Three Romanian Poems

March 5, 2019
translated by 
Coffee dregs sitting at the bottom of a red cup, as shot from above
Iain Broadfoot, “Epic abstract art” (coffee dregs) / Flickr

 

The Storyteller

by Ruxandra Cesereanu

Just like that, we used to talk together in the café, not sitting down
Standing instead so that the stories could trickle from us
Like streams.
We propped our elbows on the bar
While the coffee in our cups willed us to pry open its secrets
And read the world in its dregs
And peer down at stories through its monocle,
Wherever we might find ourselves, hungry for more,
Out-talking even death and its machinery.

You were the storyteller curling smoke from your pipe
While in the café I could see the burning timbers
Of childhood winters with cakes at my grandparents’ home,
With wolves outside and the moon covering her eyes lest she should be blinded by ice.

You talked with a small candle planted in your teeth
A sun in your mouth
To warm the words so that the stories would grow and multiply,
Biblical, almost.

Women and men and children swarmed the stories like an orderly hive,
Even when the words about them filled with a fear and loss
We couldn’t swat away.
And then you would say – stories are ever shifting shapes,
Benign predators adored and cherished and then released into the wilderness,
And I would say – stories are the tremors of our bodies,
They are orange coloured and they have that we can’t possess,
The power of life and death.

While we talked like this, between interruptions and waiting,
I drained the coffee to its dregs, its cuneiform remnants
A dead end in a road where no-one travelled.

You see, you said at last, stories are objects
We avoid not to disturb and turn in our hands
And do not caress like we ought,
Maybe because they cannot transcribe that something received at birth,
But only pass, ash-grey, into corners, where they will be left alone,
Without anyone haranguing them for being stories and saying nothing needed to be said.

 

Strindberg’s Last Walk in the Snow

by Gabriela Melinescu

After days of sleep and sunlit nights,
Clad in a morning suit and top hat,
He wandered out of prison.

He wore a gallant smile,
Ready to exchange
Light pleasantries with passersby,
Words that could fill the vacuum of the hours,
Like water shifting in a jar.

Rock grey April sky
cracked with white fissures.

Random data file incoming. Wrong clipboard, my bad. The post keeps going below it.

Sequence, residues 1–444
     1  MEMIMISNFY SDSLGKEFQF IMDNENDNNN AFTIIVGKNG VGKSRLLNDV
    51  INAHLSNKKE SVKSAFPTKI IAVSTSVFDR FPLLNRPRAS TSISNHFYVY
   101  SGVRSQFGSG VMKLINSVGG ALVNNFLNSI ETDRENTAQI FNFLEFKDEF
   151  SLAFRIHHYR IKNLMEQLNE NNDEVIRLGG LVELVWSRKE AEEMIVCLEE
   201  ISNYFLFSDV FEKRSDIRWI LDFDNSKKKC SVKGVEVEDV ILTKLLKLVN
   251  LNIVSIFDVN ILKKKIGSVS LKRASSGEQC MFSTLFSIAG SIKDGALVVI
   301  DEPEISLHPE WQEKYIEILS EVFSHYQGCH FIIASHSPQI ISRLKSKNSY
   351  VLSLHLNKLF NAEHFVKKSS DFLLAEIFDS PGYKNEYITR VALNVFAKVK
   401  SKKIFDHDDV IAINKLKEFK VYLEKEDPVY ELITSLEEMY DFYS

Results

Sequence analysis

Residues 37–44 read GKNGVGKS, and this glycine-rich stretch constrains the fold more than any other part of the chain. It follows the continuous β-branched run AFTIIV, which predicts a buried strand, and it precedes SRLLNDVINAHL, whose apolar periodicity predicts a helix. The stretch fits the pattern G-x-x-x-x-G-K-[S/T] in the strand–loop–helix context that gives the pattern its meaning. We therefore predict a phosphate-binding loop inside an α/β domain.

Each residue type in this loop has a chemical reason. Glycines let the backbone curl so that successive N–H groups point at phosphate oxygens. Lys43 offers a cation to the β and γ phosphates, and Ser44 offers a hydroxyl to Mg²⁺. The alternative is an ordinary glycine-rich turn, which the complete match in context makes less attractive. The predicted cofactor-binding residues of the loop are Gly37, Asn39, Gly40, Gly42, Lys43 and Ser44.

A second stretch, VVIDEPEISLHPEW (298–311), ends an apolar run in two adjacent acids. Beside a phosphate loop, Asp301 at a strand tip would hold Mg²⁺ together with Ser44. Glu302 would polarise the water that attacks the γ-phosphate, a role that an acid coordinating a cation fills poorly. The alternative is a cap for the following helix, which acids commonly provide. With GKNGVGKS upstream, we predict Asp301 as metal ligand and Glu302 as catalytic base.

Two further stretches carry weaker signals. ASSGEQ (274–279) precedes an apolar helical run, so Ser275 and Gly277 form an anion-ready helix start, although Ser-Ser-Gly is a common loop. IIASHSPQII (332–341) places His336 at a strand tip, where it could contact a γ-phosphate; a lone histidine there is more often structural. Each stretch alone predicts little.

Rain swollen sky
Jolting with lightning.

Greetings crossed through him,
Raised hats and mirrored hands
Passed, unseeing, through his body,
As if tearing back a shapeless fog.

Orphan spectre at the corner of Queen’s Street,
Custodian of lives unravelling on,
Caught, in a photograph, winter-still,
In snow-stained Sunday best,
Top-hatted alchemist,
In that last snow of 1912.

 

My Friends

by Ioana Ileana Șteţco

I watch them closely,
from a height, as if tracing on a map
joys snuffed out like distant things in the horizon
and that horizon, pillowed with cloud,
slipping still away
my friends hang on the rim of my being
their eyes aglow
with bare deserts

The map is the map of a smile
where they write and hawk geographies
Insurgent like fish in a fountain

I put out my hand
Till it touches a falling star
Wearing a familiar face confessing to be my mother
Tenderer still than the thread of light at the trim of a shadow
While leaves veined with silence rain through my thoughts
Her face draws citadels
And ignites every gateway
She lets me play with a shadow
Until I become shadow
Until my friends
Hanging on the rim of my wasteland
Glow with their hearts

The time we squandered
Wears the face of counterfeit coins
It stormed past us, tumultuously,
Aping revolutions
And now turns back,
Sweeping the creases of valleys,

The time we squandered
Is the colour of earth and of the grass
Where my friends, vagrant through unutterable truths,
Heritors of glass empires,
Peddlers of wood,
Hanging on the rim of death
Glow from their graves.

Translations from the Romanian

Ruxandra Cesereanu (b. 1963) is one of Romania’s foremost literary figures, having achieved international acclaim as a poet, novelist, essayist, and literary critic. Her attainments have been noted in Who’s Who in Contemporary Women’s Writing (Routledge, 2001) and The Columbia Literary History of Eastern Europe since 1945 (Columbia University Press, 2008). Cesereanu’s body of work ranges from her exploration of femininity and eroticism in her poetry and prose to an engagement with Romania’s communist legacy in her essays and journalism. Three of her poetry collections (Schizoid Ocean, Lunacies, and Crusader-Woman) have been translated into English.

Gabriela Melinescu (b. 1942) is an essayist, writer, poet, and translator. She published seven poetry collections in Romania and continued writing after she emigrated to Sweden in 1975, where she was the recipient of several literary prizes. She was in a relationship with the celebrated Romanian poet Nichita Stănescu and inspired many of his poems.

Ioana Ileana Ștețco was born in September 1952 in Borșa, Maramureş. A member of the Romanian Writers’ Union and labeled the “subtle alchemist of existential melancholy,” she has published three poetry collections spanning four decades. Her poems have been described as “remarkably vivid, tumultuous, overwhelming and grave.” Ștețco’s collections have won several national poetry prizes. Her latest collection, Pay Attention, Madam, was published in 2016.

Gabi Reigh won the Stephen Spender Prize in 2017. She has also translated Poems of Light by Lucian Blaga and two novels by Mihail Sebastian.

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